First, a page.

De Niro is fascinating to watch in the scenes that depict Jake's later years. It is well-known cinematic lore that De Niro put on a significant amount of weight to play this role, but the performance goes beyond physical transformation. De Niro perfectly expresses a sort of phoned-in happiness that masks a layer of sorrow. In his later years, Jake fools himself into believing that he is happy, when it is clear to everyone else that he is not. We first see the older Jake in 1956 Miami being photographed for a newspaper. He sits by a pool, explaining why he is happiest in retirement - how he doesn't have to worry about weight and can spend more time with his family. Minutes later, of course, we see a drunken Jake telling unfunny jokes at his nightclub, we see Vickie finally announce that she will leave him, and we see Jake thrown into a jail cell, where he smashes his head against the wall, screaming "Why? Why? Why?" And in the final scene, before he goes on stage, he addresses himself in the mirror: "Go get 'em, champ." He still thinks he's a champion, even when no one else does.
I notice that I have spent a lot of time describing the characters and relationships of Raging Bull without critiquing it very much. But there is really not a whole lot to criticize about the movie. My only gripe, perhaps is that the film feels disjointed at times. The storyline skips years at a time without seeming like any time has passed at all. This is particularly problematic for Cathy Moriarty, who plays the crucial role of Vickie. The actress, who was 19 at the time of shooting, seems far older than 15 in the early scenes and far younger than 30 or so in the later scenes. Still, her performance itself cannot be faulted.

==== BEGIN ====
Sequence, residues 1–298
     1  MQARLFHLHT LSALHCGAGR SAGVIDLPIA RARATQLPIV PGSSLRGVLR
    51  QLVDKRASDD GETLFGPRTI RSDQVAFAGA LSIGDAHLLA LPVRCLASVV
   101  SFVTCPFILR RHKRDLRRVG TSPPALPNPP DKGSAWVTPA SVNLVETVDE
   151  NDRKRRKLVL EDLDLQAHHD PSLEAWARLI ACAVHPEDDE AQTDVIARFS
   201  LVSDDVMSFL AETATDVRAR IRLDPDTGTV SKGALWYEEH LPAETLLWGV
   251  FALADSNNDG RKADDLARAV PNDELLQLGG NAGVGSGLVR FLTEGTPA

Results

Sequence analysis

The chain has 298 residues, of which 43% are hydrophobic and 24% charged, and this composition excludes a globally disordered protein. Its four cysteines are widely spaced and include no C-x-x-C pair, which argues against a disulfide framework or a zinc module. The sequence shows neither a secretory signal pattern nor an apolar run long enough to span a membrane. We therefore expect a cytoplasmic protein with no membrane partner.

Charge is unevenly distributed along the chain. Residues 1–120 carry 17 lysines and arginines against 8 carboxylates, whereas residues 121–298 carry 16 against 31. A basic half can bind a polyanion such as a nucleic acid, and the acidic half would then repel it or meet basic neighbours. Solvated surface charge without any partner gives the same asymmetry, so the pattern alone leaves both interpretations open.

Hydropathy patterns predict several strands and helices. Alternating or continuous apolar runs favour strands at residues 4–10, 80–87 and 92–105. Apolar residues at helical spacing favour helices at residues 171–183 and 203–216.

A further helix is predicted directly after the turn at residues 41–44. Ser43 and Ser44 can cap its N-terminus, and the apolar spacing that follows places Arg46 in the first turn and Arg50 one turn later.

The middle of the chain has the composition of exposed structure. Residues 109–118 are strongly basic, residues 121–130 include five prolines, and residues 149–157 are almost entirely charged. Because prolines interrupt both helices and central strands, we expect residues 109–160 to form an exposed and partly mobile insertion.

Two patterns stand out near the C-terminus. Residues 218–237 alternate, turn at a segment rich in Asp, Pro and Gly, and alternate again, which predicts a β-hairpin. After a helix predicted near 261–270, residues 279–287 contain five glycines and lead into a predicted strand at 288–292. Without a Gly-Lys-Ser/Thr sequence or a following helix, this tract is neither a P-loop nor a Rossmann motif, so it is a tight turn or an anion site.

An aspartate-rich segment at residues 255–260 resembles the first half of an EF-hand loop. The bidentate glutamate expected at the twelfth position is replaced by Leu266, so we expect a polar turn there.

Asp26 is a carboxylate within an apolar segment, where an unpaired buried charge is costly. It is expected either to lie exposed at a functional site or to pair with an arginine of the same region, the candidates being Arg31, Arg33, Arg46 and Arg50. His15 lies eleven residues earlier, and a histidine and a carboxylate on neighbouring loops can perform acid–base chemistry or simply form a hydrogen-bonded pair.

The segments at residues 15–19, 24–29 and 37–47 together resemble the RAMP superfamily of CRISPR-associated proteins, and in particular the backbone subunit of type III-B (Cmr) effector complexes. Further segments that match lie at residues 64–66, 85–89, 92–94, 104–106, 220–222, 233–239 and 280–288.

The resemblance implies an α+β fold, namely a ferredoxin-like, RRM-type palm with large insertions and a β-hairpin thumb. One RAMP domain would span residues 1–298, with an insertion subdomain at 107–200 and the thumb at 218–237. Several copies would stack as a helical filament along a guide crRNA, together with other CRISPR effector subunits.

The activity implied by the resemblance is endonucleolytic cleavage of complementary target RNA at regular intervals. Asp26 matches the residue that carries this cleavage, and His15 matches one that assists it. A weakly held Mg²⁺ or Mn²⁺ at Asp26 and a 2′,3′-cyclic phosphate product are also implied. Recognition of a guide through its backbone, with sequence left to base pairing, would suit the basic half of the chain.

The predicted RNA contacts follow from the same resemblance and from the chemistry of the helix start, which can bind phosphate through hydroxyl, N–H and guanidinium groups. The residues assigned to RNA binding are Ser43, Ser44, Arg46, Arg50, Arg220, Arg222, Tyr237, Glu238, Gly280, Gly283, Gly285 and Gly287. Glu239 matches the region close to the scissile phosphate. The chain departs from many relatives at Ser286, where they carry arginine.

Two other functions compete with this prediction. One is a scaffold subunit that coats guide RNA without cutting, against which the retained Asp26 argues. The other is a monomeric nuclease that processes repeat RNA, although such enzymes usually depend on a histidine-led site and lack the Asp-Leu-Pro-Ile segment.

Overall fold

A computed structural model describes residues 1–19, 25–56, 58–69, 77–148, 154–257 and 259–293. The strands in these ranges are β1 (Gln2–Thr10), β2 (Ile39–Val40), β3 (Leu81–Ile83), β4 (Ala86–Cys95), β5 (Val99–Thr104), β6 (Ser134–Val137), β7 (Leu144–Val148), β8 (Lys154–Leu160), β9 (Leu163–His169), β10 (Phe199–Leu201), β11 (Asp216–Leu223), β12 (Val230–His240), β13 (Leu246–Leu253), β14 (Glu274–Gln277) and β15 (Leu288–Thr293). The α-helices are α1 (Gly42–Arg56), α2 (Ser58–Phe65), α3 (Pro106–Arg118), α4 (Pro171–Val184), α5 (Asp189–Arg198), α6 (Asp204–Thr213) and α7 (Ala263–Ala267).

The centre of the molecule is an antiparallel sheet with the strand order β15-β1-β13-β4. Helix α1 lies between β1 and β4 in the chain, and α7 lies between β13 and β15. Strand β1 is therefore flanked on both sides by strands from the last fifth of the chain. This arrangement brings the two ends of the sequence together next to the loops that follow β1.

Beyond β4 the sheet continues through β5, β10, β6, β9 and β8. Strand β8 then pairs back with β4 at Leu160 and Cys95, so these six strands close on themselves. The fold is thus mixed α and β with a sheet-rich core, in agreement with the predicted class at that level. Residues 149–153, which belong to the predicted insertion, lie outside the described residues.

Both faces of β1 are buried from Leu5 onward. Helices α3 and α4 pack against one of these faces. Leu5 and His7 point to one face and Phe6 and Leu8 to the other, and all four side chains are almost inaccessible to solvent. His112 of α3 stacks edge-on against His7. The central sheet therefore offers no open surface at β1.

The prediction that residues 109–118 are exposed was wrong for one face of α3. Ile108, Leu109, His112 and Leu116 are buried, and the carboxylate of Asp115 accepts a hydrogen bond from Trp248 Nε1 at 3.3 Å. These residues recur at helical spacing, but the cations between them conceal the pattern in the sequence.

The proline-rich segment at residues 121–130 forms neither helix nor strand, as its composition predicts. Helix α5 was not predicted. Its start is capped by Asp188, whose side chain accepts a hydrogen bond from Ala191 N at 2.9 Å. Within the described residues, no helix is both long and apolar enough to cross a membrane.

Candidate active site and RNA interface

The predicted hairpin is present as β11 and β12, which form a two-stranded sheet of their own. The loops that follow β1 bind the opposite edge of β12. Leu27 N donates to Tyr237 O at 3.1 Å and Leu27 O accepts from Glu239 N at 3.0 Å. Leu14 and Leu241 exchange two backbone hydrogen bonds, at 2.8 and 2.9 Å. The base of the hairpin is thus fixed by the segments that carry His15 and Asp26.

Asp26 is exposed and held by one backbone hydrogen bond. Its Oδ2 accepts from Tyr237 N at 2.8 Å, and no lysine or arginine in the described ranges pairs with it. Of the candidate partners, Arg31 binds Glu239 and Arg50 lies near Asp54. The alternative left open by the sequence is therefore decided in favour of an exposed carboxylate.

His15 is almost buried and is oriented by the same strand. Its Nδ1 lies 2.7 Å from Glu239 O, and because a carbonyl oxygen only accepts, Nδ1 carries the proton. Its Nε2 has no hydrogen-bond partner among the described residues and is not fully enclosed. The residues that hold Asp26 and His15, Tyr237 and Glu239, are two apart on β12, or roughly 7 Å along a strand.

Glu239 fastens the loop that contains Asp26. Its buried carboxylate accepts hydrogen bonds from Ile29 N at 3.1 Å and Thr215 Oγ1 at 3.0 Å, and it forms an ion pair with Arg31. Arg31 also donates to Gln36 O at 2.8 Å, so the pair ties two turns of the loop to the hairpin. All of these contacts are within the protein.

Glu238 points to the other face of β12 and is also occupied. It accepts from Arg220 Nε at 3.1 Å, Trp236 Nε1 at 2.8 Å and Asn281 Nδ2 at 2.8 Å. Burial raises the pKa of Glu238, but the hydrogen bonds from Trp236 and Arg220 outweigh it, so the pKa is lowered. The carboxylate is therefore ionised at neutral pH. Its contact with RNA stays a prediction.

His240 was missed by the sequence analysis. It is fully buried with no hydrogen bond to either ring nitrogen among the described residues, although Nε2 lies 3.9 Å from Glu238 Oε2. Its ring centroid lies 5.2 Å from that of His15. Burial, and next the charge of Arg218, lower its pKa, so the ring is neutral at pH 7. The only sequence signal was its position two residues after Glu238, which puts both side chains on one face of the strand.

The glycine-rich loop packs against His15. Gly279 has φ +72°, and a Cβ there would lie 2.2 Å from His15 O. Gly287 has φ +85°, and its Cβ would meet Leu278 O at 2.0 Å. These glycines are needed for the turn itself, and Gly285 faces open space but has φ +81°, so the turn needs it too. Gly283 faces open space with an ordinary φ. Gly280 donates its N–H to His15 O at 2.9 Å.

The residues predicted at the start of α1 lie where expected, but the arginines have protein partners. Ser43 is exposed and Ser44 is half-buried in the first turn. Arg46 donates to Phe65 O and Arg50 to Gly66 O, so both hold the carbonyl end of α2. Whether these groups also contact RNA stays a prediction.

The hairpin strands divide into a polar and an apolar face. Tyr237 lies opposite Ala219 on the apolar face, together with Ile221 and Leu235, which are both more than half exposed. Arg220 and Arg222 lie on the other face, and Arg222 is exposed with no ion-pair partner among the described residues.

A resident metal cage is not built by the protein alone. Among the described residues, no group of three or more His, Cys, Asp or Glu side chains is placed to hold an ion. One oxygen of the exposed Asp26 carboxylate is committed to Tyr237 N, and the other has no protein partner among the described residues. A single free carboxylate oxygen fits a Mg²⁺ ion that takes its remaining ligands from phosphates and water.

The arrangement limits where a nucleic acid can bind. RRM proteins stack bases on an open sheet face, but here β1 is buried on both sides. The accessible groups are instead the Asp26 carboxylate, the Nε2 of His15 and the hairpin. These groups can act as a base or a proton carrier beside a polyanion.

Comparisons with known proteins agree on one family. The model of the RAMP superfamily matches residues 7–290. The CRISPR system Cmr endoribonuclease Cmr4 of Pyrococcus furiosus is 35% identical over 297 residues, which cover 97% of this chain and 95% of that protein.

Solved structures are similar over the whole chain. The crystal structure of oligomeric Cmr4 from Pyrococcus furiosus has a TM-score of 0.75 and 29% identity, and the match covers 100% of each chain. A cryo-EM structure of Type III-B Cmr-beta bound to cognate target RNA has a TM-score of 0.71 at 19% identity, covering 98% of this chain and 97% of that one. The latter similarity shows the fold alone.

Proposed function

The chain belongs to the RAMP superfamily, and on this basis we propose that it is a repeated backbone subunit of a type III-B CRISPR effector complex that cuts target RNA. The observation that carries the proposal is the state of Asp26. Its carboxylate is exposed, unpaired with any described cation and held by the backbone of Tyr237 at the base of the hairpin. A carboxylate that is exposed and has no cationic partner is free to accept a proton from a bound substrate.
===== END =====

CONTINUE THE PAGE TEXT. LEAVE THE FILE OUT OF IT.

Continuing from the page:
Raging Bull is truly a film where all of the elements come together. De Niro is rightly praised for his performance, but the film's success belongs equally to Scorsese, to the other cast members, to the screenwriters, to the editor, and to the cinematographer. It is rightly revered as a masterpiece, and 28 years later it regularly tops lists of the greatest films of all time. Funny, then, to think that Raging Bull nearly never got made. Scorsese repeatedly turned it down, and fell far behind schedule during production. But he prevailed, and delivered a true masterpiece.